January 2, 2013 (PJSaunders) - Freedom to disagree and the right to private conscience are fundamental liberties in any truly open society. Yet, the Government has utterly failed to consider the impact on civil liberty of its plans to redefine marriage (See their proposals here).
I have already given ten ways in which these new proposals will undermine civil liberties.
The Coalition for Marriage has just released a new leaflet outlining ten case histories of people who have already been punished in various ways for standing for traditional marriage.
In it they argue that redefining marriage is sold as a permissive measure, but it will quickly become coercive. In fact, they say, it already has. Too many people have already been punished for expressing their sincere beliefs about marriage. If marriage is redefined, it will get much worse. The ten examples they quote are as follows. In each case I have added links to the relevant news coverage.
1. Adrian Smith was demoted and had his salary cut by 40 per cent, all because he said gay weddings in churches would be ‘an equality too far’. He wrote those four words outside work time on his personal Facebook page which was not visible to the general public.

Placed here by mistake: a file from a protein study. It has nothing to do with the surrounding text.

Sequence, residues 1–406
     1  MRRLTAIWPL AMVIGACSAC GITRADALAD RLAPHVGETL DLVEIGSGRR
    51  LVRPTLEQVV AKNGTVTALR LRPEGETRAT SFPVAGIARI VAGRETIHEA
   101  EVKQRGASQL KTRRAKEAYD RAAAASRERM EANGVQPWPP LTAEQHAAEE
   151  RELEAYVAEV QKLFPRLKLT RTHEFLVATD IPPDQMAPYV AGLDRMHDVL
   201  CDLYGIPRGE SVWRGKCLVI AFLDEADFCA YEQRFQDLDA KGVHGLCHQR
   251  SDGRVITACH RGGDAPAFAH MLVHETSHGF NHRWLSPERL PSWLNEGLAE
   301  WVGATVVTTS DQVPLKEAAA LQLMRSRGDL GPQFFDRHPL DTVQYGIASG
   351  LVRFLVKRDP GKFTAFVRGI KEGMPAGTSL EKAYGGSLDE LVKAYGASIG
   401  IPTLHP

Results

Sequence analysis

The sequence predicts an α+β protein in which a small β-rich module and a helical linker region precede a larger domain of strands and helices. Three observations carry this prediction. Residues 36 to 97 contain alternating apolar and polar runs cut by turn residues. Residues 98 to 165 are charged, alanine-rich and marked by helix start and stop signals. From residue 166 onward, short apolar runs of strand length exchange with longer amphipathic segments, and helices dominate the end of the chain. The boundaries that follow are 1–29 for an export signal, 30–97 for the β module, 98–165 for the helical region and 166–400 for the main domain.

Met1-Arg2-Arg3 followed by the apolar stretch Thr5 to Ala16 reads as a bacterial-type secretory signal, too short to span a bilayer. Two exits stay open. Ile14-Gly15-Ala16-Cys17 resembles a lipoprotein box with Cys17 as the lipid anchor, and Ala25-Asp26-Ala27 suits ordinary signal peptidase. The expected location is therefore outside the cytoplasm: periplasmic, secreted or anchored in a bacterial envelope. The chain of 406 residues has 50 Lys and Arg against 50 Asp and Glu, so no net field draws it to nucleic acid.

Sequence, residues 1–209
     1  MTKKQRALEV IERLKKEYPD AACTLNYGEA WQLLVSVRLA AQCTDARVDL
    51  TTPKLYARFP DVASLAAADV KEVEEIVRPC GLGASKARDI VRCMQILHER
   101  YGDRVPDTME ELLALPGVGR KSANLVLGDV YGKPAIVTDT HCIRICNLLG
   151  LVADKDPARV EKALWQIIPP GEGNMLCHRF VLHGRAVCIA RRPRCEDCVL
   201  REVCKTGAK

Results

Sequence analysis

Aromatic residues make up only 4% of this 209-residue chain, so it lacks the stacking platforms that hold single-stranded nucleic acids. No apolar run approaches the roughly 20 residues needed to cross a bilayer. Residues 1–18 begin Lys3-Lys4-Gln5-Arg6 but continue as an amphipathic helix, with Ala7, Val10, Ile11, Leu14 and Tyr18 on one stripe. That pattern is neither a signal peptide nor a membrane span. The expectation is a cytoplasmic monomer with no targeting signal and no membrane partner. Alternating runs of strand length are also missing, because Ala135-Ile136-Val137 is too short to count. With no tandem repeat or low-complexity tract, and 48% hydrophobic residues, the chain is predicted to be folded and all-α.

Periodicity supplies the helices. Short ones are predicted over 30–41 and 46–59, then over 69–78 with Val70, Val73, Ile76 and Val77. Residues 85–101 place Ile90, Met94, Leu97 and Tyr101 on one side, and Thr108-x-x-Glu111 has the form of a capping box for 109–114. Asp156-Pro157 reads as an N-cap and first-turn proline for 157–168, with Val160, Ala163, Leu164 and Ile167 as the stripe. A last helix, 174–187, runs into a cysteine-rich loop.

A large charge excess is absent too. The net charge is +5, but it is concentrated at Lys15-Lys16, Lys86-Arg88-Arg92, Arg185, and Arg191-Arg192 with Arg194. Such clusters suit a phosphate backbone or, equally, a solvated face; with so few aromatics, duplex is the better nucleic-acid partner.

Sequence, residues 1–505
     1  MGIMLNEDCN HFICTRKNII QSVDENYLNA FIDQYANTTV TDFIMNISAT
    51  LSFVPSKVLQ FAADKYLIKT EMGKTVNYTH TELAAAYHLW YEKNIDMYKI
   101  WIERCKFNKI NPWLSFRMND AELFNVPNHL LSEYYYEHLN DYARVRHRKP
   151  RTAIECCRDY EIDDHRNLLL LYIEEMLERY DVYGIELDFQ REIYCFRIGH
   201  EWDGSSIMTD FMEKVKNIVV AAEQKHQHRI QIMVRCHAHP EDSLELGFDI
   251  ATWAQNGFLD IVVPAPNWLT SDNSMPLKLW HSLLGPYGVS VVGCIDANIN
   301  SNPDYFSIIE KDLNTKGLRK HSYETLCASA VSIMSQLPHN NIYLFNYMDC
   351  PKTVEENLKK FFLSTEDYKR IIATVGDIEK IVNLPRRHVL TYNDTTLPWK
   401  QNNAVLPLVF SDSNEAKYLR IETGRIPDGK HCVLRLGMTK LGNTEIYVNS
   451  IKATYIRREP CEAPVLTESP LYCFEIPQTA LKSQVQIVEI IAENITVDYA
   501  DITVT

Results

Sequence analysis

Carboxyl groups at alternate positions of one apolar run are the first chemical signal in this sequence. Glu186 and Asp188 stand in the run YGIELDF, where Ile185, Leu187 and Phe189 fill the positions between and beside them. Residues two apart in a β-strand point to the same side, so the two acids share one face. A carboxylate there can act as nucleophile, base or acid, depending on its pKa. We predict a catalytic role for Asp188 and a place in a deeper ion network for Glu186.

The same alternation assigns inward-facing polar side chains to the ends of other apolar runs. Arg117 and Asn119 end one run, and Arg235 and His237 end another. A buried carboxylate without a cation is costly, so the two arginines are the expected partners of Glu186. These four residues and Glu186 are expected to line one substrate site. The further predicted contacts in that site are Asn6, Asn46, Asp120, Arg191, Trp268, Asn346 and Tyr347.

2. Peter and Hazelmary Bull were ordered to pay £3,600 in damages because their B&B had a policy of only allowing married couples to share a double bed.
3. David Burrowes MP received a death threat after he said redefining marriage is unnecessary because civil partnerships already give same-sex couples legal equality with married couples.
4. Archbishop of York, Dr John Sentamu, received hate mail – some of a racist nature – after he spoke out against the Government’s plans to redefine marriage. North Yorkshire Police investigated the correspondence as hate crimes.
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5. Rhys & Esther Curnow are young newly-weds who delivered a 500,000-strong petition against redefining marriage to Number 10 Downing Street. They were targeted online with threatening and hate-filled messages, sparking a police investigation.
6. World Congress of Families had a conference about redefining marriage banned by the Law Society and the Queen Elizabeth II Conference Centre because just discussing the subject would be a breach of ‘diversity policies’.
7. Arthur McGeorge is a bus driver who faced disciplinary action by his bosses just because he shared a petition backing traditional marriage at work during his break time.
8. Dr Bill Beales, a respected headmaster, faced calls for his suspension after he said in a school assembly that people were being ‘placed on trial’ for holding traditional beliefs about marriage.
9. Lillian Ladele, a registrar at Islington Council, was pushed out of her job because she asked her managers to accommodate her belief that marriage is the union of one man to one woman.
10. Dr Angela McCaskill is a deaf diversity officer at a university in America. She was suspended because she signed a petition saying voters should decide whether marriage should be redefined.
Reprinted with permission from Christian Medical Comment.